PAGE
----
But what about the thief on the cross? He had faith in Jesus but had no opportunity to do any good deeds? Yet Jesus told him that he would be in paradise with Jesus that day. By his faith alone he was saved.

And what of the invalid who has no strength or resources to help another? If such a person puts their faith in Jesus, but has no opportunity to do what we might consider good deeds, should not their faith alone save them, just as it did the thief?

As I understand it, if a person has a saving faith in Jesus that faith will produce a change of heart, and that change of heart will motivate them to treat others differently. It will motivate them, when the opportunity is presented to them, to help others. The good deeds that are produced by this change of heart may be as small as a kind word to a stranger or as big as funding and building a homeless shelter in a place of great need.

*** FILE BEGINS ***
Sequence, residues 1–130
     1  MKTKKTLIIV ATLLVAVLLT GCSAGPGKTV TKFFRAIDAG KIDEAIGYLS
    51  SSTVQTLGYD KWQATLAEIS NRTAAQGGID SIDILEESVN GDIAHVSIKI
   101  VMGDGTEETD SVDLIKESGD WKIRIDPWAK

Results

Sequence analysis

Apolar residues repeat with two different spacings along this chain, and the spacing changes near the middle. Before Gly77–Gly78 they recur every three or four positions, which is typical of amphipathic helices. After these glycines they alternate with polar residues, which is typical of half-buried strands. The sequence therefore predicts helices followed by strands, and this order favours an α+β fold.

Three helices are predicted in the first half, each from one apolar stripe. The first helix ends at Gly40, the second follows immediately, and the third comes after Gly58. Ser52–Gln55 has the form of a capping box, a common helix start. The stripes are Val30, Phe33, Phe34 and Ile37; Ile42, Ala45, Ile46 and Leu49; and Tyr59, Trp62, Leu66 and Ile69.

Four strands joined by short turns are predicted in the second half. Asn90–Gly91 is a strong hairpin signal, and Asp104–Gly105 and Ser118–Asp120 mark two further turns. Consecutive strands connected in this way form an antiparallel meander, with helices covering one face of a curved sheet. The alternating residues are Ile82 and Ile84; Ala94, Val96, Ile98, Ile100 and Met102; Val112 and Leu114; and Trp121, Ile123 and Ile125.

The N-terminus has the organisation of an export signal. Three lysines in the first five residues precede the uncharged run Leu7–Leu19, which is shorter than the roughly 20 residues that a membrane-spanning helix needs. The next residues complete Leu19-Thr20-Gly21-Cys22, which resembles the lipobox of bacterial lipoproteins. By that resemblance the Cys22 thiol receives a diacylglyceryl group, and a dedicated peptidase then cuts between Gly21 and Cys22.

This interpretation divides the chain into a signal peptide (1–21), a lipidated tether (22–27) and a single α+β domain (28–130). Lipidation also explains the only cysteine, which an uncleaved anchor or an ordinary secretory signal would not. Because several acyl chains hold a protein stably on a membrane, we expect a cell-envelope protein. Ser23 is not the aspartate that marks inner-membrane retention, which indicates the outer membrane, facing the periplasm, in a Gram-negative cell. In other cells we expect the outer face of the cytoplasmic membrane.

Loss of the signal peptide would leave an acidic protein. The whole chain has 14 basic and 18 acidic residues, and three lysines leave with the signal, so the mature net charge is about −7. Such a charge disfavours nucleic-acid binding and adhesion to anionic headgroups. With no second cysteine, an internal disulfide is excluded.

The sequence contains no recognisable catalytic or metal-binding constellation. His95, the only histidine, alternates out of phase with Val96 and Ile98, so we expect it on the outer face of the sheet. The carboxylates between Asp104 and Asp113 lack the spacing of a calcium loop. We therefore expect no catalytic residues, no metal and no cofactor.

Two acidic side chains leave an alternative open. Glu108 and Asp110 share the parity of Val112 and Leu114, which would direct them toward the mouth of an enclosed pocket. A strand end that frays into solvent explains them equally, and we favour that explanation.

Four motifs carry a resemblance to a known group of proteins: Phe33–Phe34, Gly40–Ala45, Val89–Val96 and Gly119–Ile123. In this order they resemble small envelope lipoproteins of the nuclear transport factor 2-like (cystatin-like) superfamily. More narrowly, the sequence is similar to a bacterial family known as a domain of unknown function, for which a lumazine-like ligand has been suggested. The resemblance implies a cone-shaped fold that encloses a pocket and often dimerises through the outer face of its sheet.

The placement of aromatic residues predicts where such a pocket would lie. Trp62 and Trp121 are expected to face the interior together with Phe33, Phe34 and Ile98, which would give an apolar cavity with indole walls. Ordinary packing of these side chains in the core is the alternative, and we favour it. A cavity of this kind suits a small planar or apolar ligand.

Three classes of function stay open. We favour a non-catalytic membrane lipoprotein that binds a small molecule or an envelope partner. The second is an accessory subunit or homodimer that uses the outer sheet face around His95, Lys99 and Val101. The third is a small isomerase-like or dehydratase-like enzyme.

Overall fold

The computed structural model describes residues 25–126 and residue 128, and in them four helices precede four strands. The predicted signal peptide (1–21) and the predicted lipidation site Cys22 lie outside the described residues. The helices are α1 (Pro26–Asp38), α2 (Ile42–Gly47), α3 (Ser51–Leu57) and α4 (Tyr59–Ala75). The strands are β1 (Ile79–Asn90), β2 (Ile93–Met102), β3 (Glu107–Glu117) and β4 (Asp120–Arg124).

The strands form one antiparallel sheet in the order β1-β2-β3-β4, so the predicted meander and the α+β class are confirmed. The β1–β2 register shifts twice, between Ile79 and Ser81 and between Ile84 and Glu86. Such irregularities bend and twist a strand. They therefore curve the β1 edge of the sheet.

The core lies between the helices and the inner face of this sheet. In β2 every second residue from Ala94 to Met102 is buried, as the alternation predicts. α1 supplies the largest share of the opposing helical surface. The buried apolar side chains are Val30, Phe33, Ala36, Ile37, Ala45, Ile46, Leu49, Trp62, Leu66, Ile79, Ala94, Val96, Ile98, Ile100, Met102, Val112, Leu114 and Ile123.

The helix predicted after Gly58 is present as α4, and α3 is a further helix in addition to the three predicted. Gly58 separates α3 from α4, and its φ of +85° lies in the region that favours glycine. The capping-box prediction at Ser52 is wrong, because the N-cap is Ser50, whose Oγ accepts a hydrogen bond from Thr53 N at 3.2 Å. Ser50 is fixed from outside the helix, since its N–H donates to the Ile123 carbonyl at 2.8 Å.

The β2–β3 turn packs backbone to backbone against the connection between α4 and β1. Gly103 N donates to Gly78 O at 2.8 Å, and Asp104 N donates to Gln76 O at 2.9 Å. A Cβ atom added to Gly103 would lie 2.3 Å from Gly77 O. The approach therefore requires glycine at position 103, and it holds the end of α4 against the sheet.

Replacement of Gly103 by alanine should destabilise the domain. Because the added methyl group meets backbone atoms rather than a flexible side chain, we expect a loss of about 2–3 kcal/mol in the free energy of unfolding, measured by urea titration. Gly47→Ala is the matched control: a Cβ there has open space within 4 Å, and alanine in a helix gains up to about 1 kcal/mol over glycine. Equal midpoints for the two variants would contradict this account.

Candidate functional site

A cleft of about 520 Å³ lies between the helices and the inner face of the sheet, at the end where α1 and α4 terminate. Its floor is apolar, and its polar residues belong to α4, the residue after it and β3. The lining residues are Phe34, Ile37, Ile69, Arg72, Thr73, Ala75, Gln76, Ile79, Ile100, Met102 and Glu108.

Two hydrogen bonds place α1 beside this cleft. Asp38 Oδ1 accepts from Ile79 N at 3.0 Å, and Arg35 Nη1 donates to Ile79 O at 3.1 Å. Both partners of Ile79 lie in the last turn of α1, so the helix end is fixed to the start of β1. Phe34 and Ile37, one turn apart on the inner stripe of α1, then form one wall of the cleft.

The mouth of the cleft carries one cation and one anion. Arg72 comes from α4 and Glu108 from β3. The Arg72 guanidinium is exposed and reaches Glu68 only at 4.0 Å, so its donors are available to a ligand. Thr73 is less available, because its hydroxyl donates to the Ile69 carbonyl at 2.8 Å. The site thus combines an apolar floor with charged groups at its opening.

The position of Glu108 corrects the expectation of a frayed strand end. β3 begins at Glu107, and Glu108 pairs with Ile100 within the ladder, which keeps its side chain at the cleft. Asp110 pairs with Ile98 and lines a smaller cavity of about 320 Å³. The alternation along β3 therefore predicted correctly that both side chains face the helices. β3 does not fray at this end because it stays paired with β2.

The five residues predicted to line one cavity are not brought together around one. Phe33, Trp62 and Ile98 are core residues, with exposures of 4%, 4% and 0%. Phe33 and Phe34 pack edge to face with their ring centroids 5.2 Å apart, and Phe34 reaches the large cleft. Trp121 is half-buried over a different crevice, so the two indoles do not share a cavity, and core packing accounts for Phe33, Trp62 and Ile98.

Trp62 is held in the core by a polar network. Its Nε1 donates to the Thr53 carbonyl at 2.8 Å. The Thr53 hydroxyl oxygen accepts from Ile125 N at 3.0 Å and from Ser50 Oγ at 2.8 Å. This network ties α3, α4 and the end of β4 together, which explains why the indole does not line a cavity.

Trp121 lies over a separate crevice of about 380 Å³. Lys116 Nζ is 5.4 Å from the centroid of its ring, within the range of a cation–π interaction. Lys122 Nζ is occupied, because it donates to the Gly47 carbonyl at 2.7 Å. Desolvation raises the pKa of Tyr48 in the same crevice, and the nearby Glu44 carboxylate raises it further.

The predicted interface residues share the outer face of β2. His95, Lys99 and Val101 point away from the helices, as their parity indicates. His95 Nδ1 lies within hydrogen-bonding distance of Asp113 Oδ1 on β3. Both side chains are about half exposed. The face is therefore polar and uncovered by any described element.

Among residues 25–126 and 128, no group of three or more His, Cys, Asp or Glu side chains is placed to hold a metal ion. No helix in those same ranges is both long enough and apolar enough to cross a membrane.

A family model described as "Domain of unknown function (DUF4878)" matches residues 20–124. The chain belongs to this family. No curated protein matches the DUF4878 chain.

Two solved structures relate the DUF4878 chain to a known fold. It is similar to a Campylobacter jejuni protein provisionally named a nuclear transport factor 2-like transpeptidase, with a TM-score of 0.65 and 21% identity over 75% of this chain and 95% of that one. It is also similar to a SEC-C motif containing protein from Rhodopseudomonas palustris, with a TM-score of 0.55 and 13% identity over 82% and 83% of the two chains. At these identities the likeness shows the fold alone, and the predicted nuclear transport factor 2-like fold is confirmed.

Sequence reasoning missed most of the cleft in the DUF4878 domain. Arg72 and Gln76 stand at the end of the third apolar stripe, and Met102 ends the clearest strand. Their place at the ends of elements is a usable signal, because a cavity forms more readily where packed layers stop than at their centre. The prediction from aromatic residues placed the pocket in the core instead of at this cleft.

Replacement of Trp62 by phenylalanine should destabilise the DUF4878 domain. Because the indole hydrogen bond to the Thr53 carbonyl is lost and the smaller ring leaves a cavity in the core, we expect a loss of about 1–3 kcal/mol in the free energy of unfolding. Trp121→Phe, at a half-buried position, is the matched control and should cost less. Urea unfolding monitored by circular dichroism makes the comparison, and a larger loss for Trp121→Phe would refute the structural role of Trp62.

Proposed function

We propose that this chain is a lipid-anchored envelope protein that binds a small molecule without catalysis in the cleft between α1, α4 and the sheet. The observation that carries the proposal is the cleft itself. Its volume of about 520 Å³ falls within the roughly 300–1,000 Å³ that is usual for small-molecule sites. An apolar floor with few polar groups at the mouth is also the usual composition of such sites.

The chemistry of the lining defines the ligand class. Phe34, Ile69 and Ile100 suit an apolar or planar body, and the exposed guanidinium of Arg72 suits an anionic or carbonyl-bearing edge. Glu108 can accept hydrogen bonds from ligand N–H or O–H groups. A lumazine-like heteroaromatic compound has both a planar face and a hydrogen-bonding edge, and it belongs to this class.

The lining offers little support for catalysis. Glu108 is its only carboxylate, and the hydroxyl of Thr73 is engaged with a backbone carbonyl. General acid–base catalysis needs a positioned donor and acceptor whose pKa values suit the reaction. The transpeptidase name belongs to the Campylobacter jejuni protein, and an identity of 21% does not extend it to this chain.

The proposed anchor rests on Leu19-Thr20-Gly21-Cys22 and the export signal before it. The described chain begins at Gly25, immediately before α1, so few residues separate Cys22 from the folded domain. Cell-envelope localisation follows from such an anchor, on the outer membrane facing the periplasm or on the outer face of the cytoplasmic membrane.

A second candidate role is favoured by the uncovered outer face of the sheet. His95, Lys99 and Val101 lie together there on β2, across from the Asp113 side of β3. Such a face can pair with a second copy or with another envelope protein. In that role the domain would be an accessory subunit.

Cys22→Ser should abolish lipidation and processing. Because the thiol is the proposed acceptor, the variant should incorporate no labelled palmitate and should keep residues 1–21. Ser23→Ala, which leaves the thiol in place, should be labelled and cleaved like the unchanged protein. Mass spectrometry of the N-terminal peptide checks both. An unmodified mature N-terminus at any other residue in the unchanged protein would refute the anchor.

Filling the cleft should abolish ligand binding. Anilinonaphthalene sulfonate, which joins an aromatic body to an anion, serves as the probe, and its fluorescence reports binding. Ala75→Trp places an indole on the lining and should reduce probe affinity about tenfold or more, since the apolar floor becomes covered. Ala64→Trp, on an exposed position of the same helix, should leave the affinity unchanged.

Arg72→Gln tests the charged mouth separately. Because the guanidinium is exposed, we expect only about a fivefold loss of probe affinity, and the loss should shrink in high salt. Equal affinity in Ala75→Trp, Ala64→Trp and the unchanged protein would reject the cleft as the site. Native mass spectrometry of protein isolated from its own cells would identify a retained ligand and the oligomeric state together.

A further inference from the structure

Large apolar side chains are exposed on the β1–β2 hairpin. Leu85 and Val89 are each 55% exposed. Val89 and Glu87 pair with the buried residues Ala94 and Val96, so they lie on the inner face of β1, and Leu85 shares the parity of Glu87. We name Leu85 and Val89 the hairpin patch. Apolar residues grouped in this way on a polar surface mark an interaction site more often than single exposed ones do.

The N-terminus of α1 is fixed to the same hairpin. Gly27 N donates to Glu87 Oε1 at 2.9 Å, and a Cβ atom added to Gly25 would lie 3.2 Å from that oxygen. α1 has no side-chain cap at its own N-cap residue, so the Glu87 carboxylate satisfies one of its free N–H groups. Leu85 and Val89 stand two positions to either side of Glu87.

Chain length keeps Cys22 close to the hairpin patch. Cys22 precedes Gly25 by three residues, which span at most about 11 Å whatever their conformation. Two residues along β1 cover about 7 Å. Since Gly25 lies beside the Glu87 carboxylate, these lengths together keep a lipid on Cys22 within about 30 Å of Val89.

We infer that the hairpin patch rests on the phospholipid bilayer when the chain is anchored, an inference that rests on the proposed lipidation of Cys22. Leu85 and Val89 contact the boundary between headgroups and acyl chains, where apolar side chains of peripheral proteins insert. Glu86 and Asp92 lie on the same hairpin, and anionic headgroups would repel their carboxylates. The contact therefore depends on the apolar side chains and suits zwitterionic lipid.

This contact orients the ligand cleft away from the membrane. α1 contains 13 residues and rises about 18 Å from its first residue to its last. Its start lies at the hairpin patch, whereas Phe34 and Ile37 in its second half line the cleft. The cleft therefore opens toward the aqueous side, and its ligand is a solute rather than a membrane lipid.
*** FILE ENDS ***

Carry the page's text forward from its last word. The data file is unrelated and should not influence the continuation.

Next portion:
James says that faith without deeds is dead. Such faith does not die because it is not accompanied by good deeds – It was never alive to begin with if it doesn’t change the heart.

1 Corinthians 13:13 says, “And now these three remain: faith, hope and love. But the greatest of these is love.” Faith is important, but love in action is greater because it is the product of a saving faith and an abiding hope in God. May all three abound in your life today and always.

About Linda Kruschke